State of Voice Shopping 2019
When we visited the topic of voice-enabled shopping last year, we concluded that brands and businesses looking to take advantage of the new medium would need to do some significant legwork across their ecosystems to promote the capability to customers and have their products appear properly. While that principle continues to hold true today, much of the landscape around voice shopping has changed materially in 2019.
The Velocity of Voice Shopping Behavior is Accelerating
Voicebot AI’s 2018 Voice Shopping study found the amount of voice shoppers to be 26 percent of smart speaker owners. While there's certainly ambiguity on the exact amount of consumers making purchases through smart speakers, many studies have cited a range of figures, with 20 percent surfacing as an acceptable figure to report.
There are strong signals that this behavior is growing. In December 2018, eMarketer forecast that 27 percent of consumers will shop using smart speakers in 2019. However, in July 2019, it raised its estimate and noted the acceleration of shopping behaviors occurring on smart speaker devices.
Voice Shopping: Broad Activity, Specific Sales
When it comes to voice, the term “shopping” encompasses far more than just purchasing an item. Voice users are turning to their assistants for many points along their buying journey, including product research, price comparison, adding to cart and more. An Adobe Digital Insights report states that “nearly half (47 percent) of smart speaker owners reported using one to initiate product search and research, 43 percent said they use them for creating shopping lists, and 32 percent do so for price comparison.”
Amid the strong signs of opportunity for fully supported voice shopping journeys is the current truth that the majority of items being purchased by users are digital products such as music, movies, and other media or goods that don’t require a tactile evaluation. Underscoring this point is Voicebot AI’s finding in its Voice Shopping Consumer Adoption Report that “over 85 percent of voice purchases were for $100 or less. Voice is being used for everyday transactions and is not yet viewed as a channel for higher priced items.”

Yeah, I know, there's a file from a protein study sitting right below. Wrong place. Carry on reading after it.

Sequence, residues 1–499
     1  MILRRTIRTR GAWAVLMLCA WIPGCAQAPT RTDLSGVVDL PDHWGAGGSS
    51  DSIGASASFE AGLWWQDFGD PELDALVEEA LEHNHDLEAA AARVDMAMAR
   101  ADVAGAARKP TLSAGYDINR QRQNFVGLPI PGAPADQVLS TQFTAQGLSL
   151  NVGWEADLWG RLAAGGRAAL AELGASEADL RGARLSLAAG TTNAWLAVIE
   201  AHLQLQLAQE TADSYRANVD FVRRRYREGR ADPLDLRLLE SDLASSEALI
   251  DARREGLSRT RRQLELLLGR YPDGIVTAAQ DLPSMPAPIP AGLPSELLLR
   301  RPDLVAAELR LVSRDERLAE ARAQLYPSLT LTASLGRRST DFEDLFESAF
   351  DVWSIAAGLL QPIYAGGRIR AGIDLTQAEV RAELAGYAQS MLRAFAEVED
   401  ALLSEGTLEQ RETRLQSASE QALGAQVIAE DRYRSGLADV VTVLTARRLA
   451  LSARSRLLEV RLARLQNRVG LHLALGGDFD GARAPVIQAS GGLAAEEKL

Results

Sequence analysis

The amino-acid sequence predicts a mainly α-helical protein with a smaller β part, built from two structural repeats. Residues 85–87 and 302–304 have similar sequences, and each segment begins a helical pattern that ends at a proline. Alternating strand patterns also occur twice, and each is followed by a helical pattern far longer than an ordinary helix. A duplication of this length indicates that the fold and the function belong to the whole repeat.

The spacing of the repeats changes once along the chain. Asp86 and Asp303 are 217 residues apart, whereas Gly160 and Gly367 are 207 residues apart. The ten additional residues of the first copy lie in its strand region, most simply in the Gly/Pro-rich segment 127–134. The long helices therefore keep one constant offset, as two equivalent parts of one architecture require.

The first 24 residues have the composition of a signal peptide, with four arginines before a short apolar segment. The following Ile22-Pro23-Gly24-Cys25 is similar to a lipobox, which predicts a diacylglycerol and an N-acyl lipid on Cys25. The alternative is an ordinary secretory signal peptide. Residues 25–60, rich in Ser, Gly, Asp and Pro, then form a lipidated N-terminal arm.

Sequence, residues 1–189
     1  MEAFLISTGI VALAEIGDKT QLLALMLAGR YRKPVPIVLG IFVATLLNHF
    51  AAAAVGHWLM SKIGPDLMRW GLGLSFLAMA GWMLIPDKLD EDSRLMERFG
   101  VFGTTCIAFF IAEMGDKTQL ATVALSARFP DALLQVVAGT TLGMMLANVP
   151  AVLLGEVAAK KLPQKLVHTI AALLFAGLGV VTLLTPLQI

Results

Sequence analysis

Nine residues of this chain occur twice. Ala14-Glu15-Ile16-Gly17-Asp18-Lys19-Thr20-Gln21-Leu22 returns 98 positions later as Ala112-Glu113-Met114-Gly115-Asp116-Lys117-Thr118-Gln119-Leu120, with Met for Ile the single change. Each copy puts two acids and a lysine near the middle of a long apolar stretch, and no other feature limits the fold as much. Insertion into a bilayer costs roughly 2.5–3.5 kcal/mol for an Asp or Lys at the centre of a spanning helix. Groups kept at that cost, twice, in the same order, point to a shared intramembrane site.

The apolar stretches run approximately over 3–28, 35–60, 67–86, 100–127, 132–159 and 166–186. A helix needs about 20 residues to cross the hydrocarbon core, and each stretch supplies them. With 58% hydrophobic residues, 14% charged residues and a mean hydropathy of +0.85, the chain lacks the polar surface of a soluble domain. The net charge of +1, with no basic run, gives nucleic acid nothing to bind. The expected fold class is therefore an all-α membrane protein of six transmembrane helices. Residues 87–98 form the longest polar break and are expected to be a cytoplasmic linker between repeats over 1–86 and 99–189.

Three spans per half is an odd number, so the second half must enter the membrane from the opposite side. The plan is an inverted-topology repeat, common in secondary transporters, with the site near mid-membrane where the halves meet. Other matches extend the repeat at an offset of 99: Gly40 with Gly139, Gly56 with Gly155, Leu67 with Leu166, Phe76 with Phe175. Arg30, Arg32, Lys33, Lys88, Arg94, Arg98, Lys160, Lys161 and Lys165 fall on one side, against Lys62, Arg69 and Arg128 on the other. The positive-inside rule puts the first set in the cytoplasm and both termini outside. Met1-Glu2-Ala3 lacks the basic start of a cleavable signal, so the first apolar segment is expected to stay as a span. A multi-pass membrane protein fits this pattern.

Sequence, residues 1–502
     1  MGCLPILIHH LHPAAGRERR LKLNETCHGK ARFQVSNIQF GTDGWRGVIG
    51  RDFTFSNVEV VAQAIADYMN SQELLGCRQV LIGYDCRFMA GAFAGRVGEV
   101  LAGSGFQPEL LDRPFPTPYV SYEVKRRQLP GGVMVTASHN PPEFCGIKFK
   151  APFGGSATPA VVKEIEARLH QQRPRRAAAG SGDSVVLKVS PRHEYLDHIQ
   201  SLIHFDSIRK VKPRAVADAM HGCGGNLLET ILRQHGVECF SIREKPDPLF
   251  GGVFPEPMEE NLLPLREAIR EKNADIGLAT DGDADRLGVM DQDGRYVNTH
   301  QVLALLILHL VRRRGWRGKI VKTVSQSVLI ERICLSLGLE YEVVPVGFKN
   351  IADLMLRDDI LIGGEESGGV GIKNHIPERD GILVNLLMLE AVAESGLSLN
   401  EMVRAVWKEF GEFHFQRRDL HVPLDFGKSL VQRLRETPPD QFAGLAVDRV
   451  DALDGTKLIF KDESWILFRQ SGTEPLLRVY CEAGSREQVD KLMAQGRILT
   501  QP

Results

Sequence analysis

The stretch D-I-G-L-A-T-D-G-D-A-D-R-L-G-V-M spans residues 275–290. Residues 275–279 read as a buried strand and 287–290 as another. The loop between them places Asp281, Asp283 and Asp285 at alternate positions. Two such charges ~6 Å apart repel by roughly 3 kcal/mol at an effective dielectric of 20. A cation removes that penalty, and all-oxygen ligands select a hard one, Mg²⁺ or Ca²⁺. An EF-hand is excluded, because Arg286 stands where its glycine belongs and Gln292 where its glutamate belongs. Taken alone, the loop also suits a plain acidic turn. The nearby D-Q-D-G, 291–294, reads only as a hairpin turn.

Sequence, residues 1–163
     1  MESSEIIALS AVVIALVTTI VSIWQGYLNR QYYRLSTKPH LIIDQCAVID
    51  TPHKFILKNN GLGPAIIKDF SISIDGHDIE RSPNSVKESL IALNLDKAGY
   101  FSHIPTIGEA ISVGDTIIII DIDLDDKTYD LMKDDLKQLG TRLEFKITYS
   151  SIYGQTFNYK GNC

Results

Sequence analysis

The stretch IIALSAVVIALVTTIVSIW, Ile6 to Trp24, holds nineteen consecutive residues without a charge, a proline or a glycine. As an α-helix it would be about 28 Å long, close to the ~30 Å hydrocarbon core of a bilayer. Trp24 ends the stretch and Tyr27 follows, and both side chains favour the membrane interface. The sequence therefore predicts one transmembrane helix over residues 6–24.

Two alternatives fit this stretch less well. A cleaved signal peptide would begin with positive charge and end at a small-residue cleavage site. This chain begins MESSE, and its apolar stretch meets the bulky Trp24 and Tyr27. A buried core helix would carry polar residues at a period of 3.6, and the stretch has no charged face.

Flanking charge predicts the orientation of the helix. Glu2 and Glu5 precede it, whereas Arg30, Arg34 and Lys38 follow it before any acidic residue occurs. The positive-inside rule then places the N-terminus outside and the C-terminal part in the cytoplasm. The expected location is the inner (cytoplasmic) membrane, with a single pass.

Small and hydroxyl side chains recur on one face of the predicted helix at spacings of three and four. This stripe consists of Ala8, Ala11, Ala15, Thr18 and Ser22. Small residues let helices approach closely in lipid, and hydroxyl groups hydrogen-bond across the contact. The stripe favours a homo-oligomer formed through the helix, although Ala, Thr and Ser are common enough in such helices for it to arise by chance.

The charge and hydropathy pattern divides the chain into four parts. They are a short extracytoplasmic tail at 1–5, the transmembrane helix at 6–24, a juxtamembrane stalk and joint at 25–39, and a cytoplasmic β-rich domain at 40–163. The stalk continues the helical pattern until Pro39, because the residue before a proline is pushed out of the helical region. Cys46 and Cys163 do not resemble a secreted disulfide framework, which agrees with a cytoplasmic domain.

Brand Preparation for Voice-First Shopping
With all this growth in commerce through voice, brands have clearly shown an intent to increase their investments to capture value. In a study of 400 business decision makers, Adobe found that “91 percent are already making significant investments in voice, and 94 percent plan to increase their investment in the coming year.” However, with all this activity, brands will need to make sure they address a few core areas of digital readiness.
The first area is customer service. Increasingly, consumers are considering voice as a medium to reach companies’ support centers just as they would any other channel. According to Voicebot AI, up to 60 percent of consumers could be interested in using voice-enabled devices to contact customer service departments.
Another key area is discoverability and search engine optimization. A recent study by Uberall found that only 3.8 percent of businesses currently offer correct information in voice searches. Gaining and maintaining visibility through these platforms will be critical to staying competitive with other products going forward.
As we head toward 2020, companies keeping tabs on voice shopping’s maturation should remember that although the usage is increasing, consumer behavior indicates that in the near term a significant volume of purchases will be smaller monetary amounts and often consist of digital products. However, this may change quickly as familiarity with the voice shopping experience develops and privacy concerns are abated.
Matt Lang is the strategy director and Will Hall is chief creative officer of RAIN, a digital consultancy that has emerged as a pioneer in voice and conversational AI.
Related story: What Voice Shopping Skeptics Are Failing to See